Japan to Permit Cannabis Medicines

Stephen Andrews
07 Dec 2023

Japanese lawmakers have revisited legislation for both medical and recreational use of cannabis. The country’s parliament has agreed on changes where it advances the status of medical cannabis. But at the same time, recreational cannabis has been subjected to additional restrictions. Sections of Japan’s revised cannabis law will also seek to help the national hemp industry.

Japan’s parliament voted to legalize cannabis-based medicines, which were previously prohibited for use outside clinical trials. Simultaneously, the country’s lawmakers also agreed to fortify their ban on recreational cannabis, reported the Japan Times. The parliament passed the new bill on Wednesday, Dec. 6., and it should become effective a year after the announcement. 

Japan is Famous for Its Stringent Cannabis Laws

The advancement of weed legalization in Asia has prompted the Japanese government to revisit its own outdated laws on cannabis. For a while there, it seemed that the island nation authorities might decriminalize the plant. But that’s apparently not the case anymore. 

The previous law in Japan even forbade the use of cannabis-derived drugs and medicines if they were not part of a clinical trial. The harsh restrictions prompted patient groups to call for access to regular cannabis drugs that are already available in the United States and Europe, for example epilepsy medicines. Japanese lawmakers took into account their plea, but they turned a deaf ear for recreational weed.  

Marijuana, which was already banned to possess or cultivate in Japan, is now also prohibited to use. That was a loophole in the law that the parliament sought to close. With the change that was made, violating the ban on marijuana consumption might result in a draconian seven-year sentence in prison in the future.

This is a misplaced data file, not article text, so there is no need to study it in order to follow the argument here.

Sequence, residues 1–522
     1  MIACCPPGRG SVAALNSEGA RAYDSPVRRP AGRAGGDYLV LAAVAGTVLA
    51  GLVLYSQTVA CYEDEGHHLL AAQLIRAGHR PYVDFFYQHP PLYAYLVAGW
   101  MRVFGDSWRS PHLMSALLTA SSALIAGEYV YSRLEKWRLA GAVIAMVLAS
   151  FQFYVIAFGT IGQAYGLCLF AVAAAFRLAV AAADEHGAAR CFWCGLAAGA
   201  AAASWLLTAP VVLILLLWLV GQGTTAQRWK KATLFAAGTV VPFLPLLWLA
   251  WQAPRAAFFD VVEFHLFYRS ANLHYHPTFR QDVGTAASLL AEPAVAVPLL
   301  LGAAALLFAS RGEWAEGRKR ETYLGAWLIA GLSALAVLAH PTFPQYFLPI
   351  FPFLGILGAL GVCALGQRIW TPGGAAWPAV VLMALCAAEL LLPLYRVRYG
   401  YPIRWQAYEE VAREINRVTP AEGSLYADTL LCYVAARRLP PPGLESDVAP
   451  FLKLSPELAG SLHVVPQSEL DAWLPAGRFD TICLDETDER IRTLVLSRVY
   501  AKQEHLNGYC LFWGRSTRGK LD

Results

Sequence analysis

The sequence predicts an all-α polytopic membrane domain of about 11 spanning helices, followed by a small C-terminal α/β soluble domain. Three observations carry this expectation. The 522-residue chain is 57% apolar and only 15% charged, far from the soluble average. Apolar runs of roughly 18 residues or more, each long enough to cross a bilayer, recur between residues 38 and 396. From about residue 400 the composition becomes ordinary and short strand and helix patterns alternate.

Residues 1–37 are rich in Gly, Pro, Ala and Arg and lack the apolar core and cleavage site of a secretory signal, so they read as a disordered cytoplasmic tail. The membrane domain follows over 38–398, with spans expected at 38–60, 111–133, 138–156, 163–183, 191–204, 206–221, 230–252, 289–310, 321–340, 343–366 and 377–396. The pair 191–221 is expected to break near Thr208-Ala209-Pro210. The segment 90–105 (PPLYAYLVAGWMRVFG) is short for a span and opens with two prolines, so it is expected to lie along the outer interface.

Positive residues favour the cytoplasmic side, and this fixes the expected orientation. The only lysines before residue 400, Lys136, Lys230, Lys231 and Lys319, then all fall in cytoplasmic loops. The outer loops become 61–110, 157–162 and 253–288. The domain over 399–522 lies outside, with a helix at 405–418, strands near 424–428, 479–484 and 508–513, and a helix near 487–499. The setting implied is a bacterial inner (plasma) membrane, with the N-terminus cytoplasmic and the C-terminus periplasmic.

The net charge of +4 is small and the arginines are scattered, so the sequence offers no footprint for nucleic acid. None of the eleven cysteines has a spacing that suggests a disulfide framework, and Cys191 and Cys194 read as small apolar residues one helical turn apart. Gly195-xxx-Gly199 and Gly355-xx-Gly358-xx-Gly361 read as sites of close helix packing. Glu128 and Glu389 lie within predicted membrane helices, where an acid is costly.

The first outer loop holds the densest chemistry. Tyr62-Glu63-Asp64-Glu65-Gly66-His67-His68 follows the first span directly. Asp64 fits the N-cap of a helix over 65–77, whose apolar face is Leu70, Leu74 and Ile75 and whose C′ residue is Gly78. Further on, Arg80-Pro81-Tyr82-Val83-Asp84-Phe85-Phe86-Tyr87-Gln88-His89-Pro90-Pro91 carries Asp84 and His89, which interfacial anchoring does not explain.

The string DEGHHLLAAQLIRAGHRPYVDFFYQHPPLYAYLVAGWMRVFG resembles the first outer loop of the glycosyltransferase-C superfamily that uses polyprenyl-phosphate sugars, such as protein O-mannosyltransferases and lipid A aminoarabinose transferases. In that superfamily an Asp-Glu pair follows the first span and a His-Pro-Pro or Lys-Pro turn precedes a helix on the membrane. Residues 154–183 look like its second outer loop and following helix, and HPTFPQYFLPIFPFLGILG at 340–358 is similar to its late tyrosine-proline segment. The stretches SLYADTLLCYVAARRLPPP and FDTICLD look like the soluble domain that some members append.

In the past, Japan did not penalize the use of cannabis. The main reason for that was to protect farmers who might get accidentally exposed to it while growing it for hemp production purposes. 

Fears grew over the last few years that the lack of ban leads to young people abusing cannabis. In 2021, Japan observed a record number of arrests due to cannabis use. Out of 5,783 cases, 70% were for individuals in their 20s or younger. 

Although examples from other countries have repeatedly shown that strict prohibition almost always backfires, the government’s course of action was to approve another prohibitive measure instead of relaxing the rules. 

Pledge to Protect Hemp Production

Japan’s new cannabis law will also seek to create two kinds of licenses for growing cannabis. One will be for growing cannabis to manufacture medicines, and another for hemp cultivation. The legal changes for cultivation will enter into force in two years time. 

Legal provisions for hemp will require for the government to establish a new framework that will try to improve the situation around hemp cultivation, which currently is at peril. 

Hemp growing tradition goes back centuries in Japan. While some prefectures used to have thousands of hemp growers, their numbers have fallen dangerously low over the last decade. 

In the Tochigi Prefecture, north of the capital Tokyo, a unique cultivar of hemp called Tochigishiro has been grown since the 1980s. Nowadays there are only a dozen farmers left that continue to cultivate the rare variety, and most of them are above the age of 60. 

The new amendments in the law will look to increase the number of hemp cultivators and lessen the country’s reliance on imports. 

Historically, hemp has some unique uses in Japanese culture. Fiber from hemp plants has been used to produce sacred ropes at Shinto shrines, and also belts sported by Yokozuna sumo wrestlers (the wrestlers of the highest rank). 

Except for hemp products, cannabis is entirely illegal in Japan. The Land of the Rising Sun has practiced a zero-tolerance policy on THC products since 1948 when the Cannabis Control Law was introduced, the same act that was now reconsidered in parliament. 

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Stephen Andrews